We see Amazon.com as our own fairy godmother who drops off virtually any item possible on our doorsteps, sometimes even within the hour. But the next time you make an order, you'll appreciate the person fulfilling it by the end of this post. Instant gratification is made possible by the warehouse employees who have to walk more in a day than some of us do in a week (or more) and who have to grab the weirdest items people secretly purchase. In these Reddit IAmAs from a former worker at a million-square-foot warehouse, a picker from another large warehouse, a former fulfillment center worker, and an Amazon Prime employee, see some of your most curious questions answered!
1. What are some products that we might be surprised to learn are purchased a lot? What's the strangest thing someone's ordered?
"Not sure if you'd be surprised, but lots of sex toys. I'd say one out of fifty [orders]; mainly butt plugs and dildos. The weirdest was a fake ass. Usually the sex toys are wrapped in black plastic so we can't see them but this was sitting on the shelf in the open. It was just a life-size fake ass used for obvious reasons."
2. Roughly how long after I place a Prime order is my item actually being picked?
"One-hour orders always have priority. It is usually picked within 15 minutes after the order was made and out the door not even 10 minutes later."
3. What's the largest item Amazon can ship?
"Apparently the biggest thing they ship for free is a 2,000-pound gun safe. But they can ship just about anything, including something the size of a car."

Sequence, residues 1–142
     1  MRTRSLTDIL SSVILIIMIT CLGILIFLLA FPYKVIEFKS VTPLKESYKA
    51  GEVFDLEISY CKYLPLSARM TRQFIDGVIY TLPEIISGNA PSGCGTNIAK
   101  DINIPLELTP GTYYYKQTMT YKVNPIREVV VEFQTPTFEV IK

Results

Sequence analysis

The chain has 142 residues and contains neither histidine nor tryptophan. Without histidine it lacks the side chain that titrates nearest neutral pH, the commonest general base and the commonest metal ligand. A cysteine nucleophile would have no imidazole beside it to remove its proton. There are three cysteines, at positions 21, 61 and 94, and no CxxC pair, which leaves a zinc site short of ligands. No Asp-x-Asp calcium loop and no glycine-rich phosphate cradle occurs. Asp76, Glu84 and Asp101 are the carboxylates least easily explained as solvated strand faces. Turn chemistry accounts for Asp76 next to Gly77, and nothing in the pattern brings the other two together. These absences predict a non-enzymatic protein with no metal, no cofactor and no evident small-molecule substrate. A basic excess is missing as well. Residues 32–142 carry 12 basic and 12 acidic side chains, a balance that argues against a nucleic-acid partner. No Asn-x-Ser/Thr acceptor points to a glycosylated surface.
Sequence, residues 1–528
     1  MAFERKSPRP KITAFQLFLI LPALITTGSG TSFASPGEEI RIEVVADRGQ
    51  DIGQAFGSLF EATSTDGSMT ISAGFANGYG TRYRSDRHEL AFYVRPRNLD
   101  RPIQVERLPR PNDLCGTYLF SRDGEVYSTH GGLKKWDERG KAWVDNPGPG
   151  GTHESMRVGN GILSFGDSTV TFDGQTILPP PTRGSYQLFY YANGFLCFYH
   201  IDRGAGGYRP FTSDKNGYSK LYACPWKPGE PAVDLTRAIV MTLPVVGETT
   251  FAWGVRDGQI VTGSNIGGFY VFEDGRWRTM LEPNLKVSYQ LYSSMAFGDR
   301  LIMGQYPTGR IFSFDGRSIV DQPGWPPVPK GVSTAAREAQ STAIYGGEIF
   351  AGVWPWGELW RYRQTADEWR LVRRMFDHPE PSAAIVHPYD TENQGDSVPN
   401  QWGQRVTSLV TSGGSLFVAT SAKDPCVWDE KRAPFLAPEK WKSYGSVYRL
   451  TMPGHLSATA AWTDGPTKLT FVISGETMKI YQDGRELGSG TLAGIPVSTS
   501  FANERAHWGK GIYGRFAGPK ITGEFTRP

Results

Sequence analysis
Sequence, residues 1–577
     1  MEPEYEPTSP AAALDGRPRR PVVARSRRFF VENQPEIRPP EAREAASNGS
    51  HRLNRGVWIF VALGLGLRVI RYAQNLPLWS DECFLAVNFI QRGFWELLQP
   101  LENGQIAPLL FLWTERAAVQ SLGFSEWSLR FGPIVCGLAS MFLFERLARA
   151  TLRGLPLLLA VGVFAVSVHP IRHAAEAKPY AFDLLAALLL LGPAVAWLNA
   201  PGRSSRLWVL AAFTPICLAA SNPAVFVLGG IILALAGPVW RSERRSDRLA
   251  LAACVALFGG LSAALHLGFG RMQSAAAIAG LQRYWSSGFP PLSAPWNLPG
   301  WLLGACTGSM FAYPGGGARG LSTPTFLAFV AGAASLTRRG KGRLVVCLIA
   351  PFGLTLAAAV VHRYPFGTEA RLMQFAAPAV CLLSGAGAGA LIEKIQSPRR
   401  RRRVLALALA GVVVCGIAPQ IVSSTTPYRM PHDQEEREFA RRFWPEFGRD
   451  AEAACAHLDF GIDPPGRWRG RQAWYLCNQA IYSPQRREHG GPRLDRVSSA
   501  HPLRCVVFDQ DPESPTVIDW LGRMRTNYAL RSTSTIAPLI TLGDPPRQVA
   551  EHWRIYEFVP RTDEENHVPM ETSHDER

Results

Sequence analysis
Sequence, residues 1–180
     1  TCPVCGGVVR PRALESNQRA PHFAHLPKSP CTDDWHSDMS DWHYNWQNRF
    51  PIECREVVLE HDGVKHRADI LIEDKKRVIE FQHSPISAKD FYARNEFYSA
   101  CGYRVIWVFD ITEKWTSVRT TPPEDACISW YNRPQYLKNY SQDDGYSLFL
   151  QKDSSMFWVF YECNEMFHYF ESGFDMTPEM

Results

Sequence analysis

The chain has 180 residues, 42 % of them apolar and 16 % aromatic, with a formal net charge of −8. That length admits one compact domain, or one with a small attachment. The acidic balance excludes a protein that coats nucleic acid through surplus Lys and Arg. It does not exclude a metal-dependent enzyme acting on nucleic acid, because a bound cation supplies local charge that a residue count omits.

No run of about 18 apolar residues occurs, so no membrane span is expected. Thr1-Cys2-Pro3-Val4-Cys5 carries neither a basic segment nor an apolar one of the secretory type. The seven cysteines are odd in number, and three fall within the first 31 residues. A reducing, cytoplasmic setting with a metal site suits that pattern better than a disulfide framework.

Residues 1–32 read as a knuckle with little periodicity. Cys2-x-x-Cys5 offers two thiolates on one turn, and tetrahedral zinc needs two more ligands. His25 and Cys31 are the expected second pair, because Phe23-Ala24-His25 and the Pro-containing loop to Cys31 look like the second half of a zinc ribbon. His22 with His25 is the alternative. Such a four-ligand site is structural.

4. Is it true they don't keep similar looking items next to each other so a picker can't grab the wrong item by mistake?
"No, they employ Chaotic Storage. They mix items of different sizes in order to maximize storage volume. It's almost impossible to pick the wrong item because of the picking system they use."
5. Is employee theft from the warehouse difficult?
"Yes, metal detectors."
6. What are the worst aspects of the job?
"Ridiculous quotas. At my peak, I was picking 120-plus items per hour, and it was just good enough. As I had to sometimes walk 1/4 of a mile or more between items, it was very difficult and physically demanding."
"Security checkpoints. We had to leave everything at the door . . . cell phones, iPods, watches, anything that could be sold at Amazon was off limits (which is everything). So there was no stimulation while we walked in upwards of 30 miles per day."
7. How can you be efficient in packaging items if you have to walk around between hundreds of aisles?
"Great question. I was only a picker. My only job was to grab two large, yellow plastic bins, put them on my double-decker shopping cart, and fill them with the items that my scanner told me to find. My scanner would then tell me when that particular bin was completed (sometimes it would only have one tiny item in it), at which point I'd move to the next one. When both were filled, I'd take them to a nearby conveyor belt and stick them on, where they would travel to the packagers. Rinse and repeat. Forever."
8. How many products did you pick a day? How are the products organized?
"Between 1,000 and 2,000. There are literally thousands of shelves full of little cubby holes. Each cubby hole is filled with an assortment of items . . . there might be a book, a toothbrush, a copy of a Barbie VHS tape from 1993, and a pair of moccasins. And you'll only pick one of the items."